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Problems with 6 year old
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Problems with 6 year old

Could you tell me the best way to handle the following situation?

My daughter is 6 years old and will be 7 in October.  She will be starting 1st grade.  My daughter goes to the bathroom by herself and never has accidents.  The only problem is when she has a bowel movement she wants either her father or myself to wipe her bottom.  We have always done it for a couple of reasons.  1.  We figured that she would start doing it herself adventually and 2.  her skin is VERY sensitive and if she does not wipe properly she gets a very bad rash.  The problem is that she will soon be 7 and still wants us to do it for her.  I have tried to show her how and to get her to do it herself with out any success.  She will just sit on the toilet and scream and cry.  I have just let her cry for up to 1 hour.  I end up still doing it and she ends up with a bad rash.  My most pressing concern is when she starts first grade and will have to use the bathroom at school.  Obviously no one is going to wipe her butt there!!!!  She is fine with wiping herself after she urinates.  I'm also concerned with this turning into a problem with her not wanting to have a bowel movement in order to avoid the situation.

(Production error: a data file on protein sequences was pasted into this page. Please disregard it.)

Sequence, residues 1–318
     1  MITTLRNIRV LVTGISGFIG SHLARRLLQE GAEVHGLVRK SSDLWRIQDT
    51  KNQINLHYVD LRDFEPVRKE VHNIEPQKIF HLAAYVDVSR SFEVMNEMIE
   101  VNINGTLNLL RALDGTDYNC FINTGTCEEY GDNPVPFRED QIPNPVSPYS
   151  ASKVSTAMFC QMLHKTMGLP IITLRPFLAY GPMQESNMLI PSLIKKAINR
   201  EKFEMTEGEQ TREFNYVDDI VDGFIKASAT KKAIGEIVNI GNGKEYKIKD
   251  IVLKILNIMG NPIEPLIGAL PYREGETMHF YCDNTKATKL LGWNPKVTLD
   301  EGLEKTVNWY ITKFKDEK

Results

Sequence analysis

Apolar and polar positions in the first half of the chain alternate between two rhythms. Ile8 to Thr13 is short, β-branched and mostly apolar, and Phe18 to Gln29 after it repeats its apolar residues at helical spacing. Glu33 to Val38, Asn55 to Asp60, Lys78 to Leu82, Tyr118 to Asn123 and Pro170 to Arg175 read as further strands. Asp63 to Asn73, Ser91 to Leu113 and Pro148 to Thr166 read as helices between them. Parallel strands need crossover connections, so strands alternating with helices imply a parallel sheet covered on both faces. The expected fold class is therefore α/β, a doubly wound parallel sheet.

What would be the best way to handle this and should I be concerned with her getting a bad rash?  I have also tried bribing her without any success!!!  She is very difficult to get to do things she does not want to do.  Example:  cleaning room, taking medication (when necessary), etc.  Usually taking away privileges helps but is not helping in this case.

I would appreciate any advice you could give me!

Thank you!
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242606_tn?1243786248